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By Staff | Jan 11, 2013

I read a simple fact in a farm magazine recently that I will go with, “Good times don’t last forever.”

Most of us with any grey hair in our beards remember the 1970s and 1980s. We couldn’t see the end to the inflationary spiral in the 1970s that had us ordering new tractors because if we needed one the price would be much higher when it was delivered to the dealer.

There were too few dollars so we borrowed more, chasing too few goods relative to demand.

It ended when then Fed Chairman Paul Volker made credit prohibitively expensive shutting off the leverage. Those good times ended if that is what you called them.

Then came the ag depression of the 1980s and the deflation that crushed farm economics.

When U.S. consumers got over-leveraged in the recent housing crisis, at least the Fed didn’t run interest rates up to 18 percent like it did in the early ’80s which precipitated the farm crisis.

Rather it dropped rates attempting to let over-leveraged home owners off easy.

The U.S. dollar soared to such heights that U.S. ag products became prohibitively expensive to foreign buyers.

Along about 1985 there were many farmers who sold out in order “to get a real job” as it got its blackest with the outlook as bleak and hopeless as it had ever been for farming.

I was told at the time by a few wise men that it would get as good as it was bad then, but I could only half believe it as things were so darn bad.

Life since has proven that bad times don’t last forever. But as the farm article said, “Good times don’t last” either.

We have seen more wealth creation in the past few years than was seen in the previous 50. In terms of land prices it looks like it is never going to stop.

Each new auction is bringing $500 to $1,000 per acre more than the last, but we know that it will stop.

I don’t believe that we are seeing the leveraged bubble that we had in the 1970s, but it will rain someday and the drought will end and we will bury end-users in corn and net farm incomes will plummet.

The bull in farmland values will trip and slide to a stop. Or the U.S. economy will come up off its floor, interest rates will rise because there is demand for money again and the dollar will rise with them.

Low interest rates and a weak dollar are the cornerstones of a strong U.S. ag economy. High interest rates and a strong dollar kill us.

These are good times in agriculture. Farmers made money. Crop insurance saved farm economics from the drought.

Farmers invested in their operations. John Deere is doing so well even Warren Buffet bought Deere stock. They paid cash for a lot of it, but not all of it as money is cheap.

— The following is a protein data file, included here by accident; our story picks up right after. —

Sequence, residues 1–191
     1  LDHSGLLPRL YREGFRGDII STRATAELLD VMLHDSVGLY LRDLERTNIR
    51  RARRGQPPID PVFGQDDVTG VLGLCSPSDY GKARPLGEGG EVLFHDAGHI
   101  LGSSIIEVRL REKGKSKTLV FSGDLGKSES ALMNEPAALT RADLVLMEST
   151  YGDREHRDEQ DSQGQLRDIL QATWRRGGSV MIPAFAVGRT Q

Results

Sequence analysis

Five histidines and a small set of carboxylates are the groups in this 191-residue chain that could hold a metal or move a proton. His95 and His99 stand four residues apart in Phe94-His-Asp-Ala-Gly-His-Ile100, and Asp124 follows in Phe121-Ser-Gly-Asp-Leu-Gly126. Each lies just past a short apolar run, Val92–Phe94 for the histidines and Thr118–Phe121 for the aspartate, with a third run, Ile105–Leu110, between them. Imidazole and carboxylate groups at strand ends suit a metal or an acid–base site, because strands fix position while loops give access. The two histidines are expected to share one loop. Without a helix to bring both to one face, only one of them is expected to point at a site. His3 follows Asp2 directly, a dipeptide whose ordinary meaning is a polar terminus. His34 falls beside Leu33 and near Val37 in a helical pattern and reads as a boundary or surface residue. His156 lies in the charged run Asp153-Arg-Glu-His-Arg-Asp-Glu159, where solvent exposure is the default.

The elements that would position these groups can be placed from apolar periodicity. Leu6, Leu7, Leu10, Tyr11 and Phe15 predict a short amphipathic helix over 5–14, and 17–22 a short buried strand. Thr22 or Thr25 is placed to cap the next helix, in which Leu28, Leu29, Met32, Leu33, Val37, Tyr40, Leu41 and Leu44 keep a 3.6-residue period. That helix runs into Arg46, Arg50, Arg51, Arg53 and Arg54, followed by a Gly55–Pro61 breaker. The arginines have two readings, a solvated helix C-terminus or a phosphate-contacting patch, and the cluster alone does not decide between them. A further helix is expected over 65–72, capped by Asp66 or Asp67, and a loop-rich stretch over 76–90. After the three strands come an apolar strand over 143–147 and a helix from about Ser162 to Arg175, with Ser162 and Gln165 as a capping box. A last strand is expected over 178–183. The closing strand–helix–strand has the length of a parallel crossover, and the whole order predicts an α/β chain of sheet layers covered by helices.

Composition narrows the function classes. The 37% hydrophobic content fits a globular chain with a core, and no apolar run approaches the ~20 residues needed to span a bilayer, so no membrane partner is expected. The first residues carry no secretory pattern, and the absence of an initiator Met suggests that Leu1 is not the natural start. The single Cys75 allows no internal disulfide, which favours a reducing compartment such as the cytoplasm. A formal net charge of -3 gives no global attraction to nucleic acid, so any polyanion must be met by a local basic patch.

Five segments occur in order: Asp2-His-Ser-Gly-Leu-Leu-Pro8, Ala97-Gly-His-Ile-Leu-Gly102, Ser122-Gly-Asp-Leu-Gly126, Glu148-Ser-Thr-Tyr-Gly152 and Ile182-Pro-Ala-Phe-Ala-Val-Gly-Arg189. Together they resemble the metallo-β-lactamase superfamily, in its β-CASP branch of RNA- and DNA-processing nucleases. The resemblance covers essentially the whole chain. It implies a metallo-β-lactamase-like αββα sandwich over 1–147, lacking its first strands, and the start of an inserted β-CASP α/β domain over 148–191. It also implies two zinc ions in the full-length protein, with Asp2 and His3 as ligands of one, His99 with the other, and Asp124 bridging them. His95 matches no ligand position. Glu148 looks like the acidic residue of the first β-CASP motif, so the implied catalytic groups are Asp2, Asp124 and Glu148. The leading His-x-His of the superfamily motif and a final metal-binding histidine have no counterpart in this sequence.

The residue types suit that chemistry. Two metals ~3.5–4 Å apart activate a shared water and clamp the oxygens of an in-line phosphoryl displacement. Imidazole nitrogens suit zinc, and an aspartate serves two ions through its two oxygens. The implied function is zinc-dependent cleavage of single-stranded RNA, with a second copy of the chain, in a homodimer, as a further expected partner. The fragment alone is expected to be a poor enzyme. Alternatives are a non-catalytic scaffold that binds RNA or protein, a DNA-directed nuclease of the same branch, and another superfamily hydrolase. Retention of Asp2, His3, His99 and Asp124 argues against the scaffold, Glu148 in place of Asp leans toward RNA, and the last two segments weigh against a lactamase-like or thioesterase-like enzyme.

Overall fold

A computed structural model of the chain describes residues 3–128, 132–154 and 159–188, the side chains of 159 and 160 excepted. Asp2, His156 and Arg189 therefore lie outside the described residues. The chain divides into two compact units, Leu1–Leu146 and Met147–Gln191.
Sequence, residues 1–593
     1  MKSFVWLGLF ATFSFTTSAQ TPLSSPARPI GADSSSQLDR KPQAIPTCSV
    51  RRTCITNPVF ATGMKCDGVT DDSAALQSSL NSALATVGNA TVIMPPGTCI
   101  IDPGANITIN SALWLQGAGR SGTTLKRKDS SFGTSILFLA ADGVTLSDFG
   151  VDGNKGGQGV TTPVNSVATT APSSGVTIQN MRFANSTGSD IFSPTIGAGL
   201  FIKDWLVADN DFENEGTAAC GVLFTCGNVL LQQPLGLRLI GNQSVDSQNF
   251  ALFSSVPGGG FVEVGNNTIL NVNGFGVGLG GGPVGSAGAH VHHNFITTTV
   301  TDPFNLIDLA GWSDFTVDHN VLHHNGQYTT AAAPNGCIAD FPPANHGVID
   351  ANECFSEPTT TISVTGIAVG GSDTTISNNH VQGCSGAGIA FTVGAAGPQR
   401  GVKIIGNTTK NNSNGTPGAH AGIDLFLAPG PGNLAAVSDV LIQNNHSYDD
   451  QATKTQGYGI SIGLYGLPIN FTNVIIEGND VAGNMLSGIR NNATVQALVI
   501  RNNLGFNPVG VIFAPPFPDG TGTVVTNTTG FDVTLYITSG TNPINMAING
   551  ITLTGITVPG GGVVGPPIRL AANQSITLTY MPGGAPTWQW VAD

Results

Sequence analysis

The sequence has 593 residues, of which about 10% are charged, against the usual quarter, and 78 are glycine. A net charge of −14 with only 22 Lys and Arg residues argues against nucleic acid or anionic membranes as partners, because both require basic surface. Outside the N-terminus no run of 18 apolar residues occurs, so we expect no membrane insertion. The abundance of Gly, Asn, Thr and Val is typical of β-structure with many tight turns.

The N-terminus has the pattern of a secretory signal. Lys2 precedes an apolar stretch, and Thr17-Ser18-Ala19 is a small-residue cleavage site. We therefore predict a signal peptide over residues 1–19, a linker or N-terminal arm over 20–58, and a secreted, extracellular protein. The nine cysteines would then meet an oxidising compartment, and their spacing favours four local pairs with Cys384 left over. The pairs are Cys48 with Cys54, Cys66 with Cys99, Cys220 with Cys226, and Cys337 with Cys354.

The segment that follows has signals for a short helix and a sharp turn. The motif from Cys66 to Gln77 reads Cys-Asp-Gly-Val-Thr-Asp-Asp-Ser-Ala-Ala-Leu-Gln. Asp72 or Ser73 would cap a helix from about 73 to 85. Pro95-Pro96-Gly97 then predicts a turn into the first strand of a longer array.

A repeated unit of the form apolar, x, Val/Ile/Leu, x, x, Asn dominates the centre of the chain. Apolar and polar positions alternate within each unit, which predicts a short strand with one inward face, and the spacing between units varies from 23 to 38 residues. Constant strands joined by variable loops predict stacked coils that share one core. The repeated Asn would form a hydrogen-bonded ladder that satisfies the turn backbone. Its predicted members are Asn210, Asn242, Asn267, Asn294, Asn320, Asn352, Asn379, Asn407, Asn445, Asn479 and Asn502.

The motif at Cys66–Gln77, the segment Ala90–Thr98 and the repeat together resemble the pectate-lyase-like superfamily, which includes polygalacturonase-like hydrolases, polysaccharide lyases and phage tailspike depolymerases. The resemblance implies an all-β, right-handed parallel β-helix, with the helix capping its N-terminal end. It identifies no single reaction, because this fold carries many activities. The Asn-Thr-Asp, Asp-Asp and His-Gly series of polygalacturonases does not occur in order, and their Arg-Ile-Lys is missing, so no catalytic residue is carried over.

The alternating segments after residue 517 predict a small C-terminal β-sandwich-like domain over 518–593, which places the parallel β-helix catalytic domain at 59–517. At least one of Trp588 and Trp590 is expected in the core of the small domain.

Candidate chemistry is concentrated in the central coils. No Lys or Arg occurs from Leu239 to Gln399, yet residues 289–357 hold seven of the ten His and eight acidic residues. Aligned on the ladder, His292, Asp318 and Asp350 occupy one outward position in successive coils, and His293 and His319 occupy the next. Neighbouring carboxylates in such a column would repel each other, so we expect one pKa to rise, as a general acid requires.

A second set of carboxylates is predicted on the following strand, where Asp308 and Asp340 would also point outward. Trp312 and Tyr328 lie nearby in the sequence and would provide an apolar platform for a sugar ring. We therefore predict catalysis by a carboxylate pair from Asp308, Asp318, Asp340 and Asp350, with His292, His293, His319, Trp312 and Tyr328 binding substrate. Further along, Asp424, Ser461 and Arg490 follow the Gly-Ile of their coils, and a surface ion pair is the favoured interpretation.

Cash rents which lagged the initial farm revenue gains have now caught up enriching the landlords, too.

Land prices have gone up so fast that owner equity ratios have improved from less leverage instead of declined as in the 1980s as more debt than equity was added.

If it is a bubble it is a different kind of bubble. What collapsed farm land values in the 1980s was similar to the housing bubble.

When values fell, equity disappeared and the ability to service the debt with plunging farm incomes collapsed the house of cards forcing land on the market in distressed sales worsening prices creating a downward spiral as the ag economy imploded.

That is just not going to happen this time.

That doesn’t mean that they can’t pay too much for land. The underlying revenue still has to support it.

There are some scenarios that suggest peak earnings for this cycle have been seen.

Would there have been a housing crisis if all the buyers had started with 60 percent equity in their homes like most farms being purchased today?

There is the potential trouble that I see with the 2013 corn balance sheet. USDA now says that corn demand has been shrunk down to 11.167 billion bushels.

We will likely plant close to 100 million acres so deduct from that to 92 million harvested acres and multiply times ISU Climatologist Elwynn Taylor’s 147 bushels per acre forecast yield and you get a 13.524 billion bushel crop.

The trend-line yield is 160 bpa which would be a 14.72 billion bushel crop.

In other words because of shrunken demand you can have a crop failure next year and still balloon the carryover and bury the price.

Frankly, it is going to have to rain on my farms quite a lot until I have even 147 bpa yield potential.

It would not be impossible for farmers to harvest 147 bpa which here they would consider to be a crop failure and still only get $4 bushel for it because of huge planted acreage.

I think that may have been what that farm magazine was talking about when they wrote that “Good times don’t last.”

David Kruse is president of CommStock Investments Inc., author and producer of The CommStock Report, an ag commentary and market analysis available daily by radio and by subscription on DTN/FarmDayta and the Internet.

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